“The Fed is Dead”
-Brad McMillian, Commonwealth’s Chief Investment Officer
I recently returned from Commonwealth’s 40
anniversary National Conference which was touted as being in Denver, Colorado but was more accurately held airport adjacent in a large convention center and hotel. But those are just semantics. I got to spend four days with thousands of advisers from all around the country as well as financial analysts and experts from some of the leading investment firms in the United States. I learned a lot, and I’m still trying to process how to incorporate those lessons into practice over the next year. But in the meantime, I came away from this event with four main themes that were discussed over and over again by different people from many diverse firms. I wanted to use this newsletter to present those themes to you.
1. Demographics are Destiny
A lot of what has driven interest rates, inflation rates and equity values over the past seventy years or so, not just in the U.S. but worldwide, has been demographics. Take interest rates, in the 1950’s and 60’s rates were pretty low as the WWII generation were starting families, entering the workforce and eventually reaching their highest earning years. There was a lot of capital in the United States, as we came out of the war as the only functioning industrial economy. At the same time, that generation was larger than the one before it, but not by all that much – so there was a lot of money chasing a moderate number of borrowers keeping rates at that low level. At the same time, there were a lot of consumer goods, tons of new oil production, and a home building boom – a lot of goods being chased after by a moderate number of people, keeping inflation in check.
Then in the 70’s and 80’s – here come the Baby Boomers. The Baby Boom generation contained 135% more people than the previous two generations combined. There were roughly 32 Million people born in the United States between 1916 – 1946, in just about half that time from 1947-1965 over 75 Million people were born. A huge population uptick all entering the workforce only compounded by the larger percentage of women working outside of the home. That huge generation wanted to buy stuff – raising prices, and wanted to borrow money to buy big stuff, raising interest rates. Now did rates become a bubble in 1979-1982, yes, they did. Greed and fear are always there to over buy or over sell in any, but by and large this explains the inflation, interest rate and market movements of this time period.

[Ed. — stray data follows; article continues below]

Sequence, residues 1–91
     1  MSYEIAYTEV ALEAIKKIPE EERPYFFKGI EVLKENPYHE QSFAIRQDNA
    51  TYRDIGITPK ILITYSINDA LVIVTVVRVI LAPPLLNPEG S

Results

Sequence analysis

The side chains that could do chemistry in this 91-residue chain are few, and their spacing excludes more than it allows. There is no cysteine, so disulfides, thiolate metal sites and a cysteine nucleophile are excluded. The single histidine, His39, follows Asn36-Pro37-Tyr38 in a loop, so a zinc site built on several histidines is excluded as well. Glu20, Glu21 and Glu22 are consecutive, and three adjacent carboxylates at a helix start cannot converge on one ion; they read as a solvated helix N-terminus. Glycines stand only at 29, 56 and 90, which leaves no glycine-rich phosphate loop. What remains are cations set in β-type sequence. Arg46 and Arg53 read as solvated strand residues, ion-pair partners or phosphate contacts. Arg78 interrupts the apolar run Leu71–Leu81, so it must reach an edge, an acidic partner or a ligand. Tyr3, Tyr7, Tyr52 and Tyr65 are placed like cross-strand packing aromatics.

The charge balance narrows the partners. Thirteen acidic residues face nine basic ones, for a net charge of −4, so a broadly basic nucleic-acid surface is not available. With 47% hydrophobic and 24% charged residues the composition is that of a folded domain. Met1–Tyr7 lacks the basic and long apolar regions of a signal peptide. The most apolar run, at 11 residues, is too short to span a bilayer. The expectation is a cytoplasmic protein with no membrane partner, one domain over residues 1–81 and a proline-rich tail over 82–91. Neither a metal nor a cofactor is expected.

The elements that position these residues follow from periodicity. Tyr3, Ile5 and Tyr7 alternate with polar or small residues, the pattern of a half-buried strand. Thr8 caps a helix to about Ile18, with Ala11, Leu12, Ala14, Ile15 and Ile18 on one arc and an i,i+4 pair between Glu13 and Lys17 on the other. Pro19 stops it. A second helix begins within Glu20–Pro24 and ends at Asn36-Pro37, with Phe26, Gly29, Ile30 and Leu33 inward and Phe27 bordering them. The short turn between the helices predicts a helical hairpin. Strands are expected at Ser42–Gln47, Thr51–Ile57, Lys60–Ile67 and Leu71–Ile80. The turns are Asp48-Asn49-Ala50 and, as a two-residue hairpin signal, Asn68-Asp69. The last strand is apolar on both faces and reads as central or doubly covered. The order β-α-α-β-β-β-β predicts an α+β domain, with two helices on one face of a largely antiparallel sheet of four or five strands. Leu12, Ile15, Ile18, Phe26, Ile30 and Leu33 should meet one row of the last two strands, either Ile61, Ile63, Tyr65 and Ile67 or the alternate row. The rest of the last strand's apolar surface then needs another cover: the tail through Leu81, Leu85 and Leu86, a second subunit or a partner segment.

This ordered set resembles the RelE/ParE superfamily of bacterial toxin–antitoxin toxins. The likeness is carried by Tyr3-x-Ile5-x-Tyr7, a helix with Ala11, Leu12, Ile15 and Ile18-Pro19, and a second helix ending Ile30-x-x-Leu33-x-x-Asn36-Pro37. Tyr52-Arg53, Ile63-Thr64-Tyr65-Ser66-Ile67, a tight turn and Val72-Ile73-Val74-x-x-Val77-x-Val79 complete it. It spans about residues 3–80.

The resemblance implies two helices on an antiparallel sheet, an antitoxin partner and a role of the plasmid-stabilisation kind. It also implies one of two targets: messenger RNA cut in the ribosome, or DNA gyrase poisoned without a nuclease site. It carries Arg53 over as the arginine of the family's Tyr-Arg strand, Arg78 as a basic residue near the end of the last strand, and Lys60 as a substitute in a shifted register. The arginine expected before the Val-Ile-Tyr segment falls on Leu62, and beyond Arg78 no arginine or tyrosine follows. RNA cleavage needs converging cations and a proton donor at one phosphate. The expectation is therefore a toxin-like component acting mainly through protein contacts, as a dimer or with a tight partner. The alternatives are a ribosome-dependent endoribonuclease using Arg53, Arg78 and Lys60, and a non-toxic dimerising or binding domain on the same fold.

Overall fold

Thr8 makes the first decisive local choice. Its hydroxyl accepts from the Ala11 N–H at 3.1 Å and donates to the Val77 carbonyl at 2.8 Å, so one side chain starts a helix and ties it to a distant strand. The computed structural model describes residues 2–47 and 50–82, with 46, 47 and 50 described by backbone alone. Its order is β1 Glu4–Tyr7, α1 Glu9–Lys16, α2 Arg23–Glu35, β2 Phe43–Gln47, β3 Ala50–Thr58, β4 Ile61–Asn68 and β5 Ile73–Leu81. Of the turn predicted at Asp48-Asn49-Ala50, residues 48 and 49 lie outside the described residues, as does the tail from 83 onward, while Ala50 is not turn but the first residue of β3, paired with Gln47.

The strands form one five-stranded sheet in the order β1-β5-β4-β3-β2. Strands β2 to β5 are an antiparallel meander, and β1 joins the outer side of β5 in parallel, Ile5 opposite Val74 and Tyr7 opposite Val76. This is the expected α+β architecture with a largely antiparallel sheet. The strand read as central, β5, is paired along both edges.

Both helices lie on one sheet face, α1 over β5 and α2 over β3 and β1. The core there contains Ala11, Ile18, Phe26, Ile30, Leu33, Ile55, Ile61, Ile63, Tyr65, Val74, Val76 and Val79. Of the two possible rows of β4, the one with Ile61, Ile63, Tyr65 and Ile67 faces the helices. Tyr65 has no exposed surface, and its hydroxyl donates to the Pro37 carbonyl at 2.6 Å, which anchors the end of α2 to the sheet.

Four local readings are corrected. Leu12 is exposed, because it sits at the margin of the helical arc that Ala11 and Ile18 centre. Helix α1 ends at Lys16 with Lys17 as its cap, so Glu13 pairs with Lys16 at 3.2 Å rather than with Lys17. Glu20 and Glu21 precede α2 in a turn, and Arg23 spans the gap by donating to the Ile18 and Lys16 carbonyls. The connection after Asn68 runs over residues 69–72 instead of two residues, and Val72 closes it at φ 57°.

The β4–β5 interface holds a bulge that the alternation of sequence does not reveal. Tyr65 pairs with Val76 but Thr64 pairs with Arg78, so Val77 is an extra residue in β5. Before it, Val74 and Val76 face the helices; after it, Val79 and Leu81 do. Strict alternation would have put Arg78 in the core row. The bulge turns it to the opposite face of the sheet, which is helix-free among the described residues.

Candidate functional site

Since the early 2000’s as this generation has headed toward retirement, the generations following it, Gen X (me) was a little smaller and then the much talked about Millennials (the majority of whom are now in their 30’s) were a little bigger but just slightly. The growth in capacity (more houses, more cars, more office space) didn’t need to increase much to accommodate these new workers and what we’ve seen has been slower growth, lower rates, and low inflation. Even the places where growth and inflation have been higher are explained by this theory. The stock markets have done very well, but over the past thirty years private pension plans have gone from being in about 80% of companies to less than 5% - that money going into 401(k)’s and similar plans has ended up in the stock market. The stock markets are also pretty international, so while our demographics may seem to lead to a slower growth market, the stability of our systems and currency have allowed a lot of those in countries with growing populations to invest in the United States. When it comes to inflation, while overall inflation is low the inflation in health care and tuition payments is up substantially. Well the Baby Boomers explain that as well. Now that generation is entering the period of their lives when they spend the most on health care – the capacity isn’t there and the population is – leading to higher costs. As for tuition, while there aren’t many more kids of college age today compared to twenty, thirty or fifty years ago -the necessity of a college degree has increased dramatically. Many professions that you could enter without a degree when the Baby Boomers were coming of age, now require one. Even in my profession the Certified Financial Planner designation I proudly hold could be obtained without a college degree in the ‘70’s and early ‘80’s. Now you have to have a Bachelor’s Degree just to enter the program. Once again, more people chasing the same or only slightly higher capacity.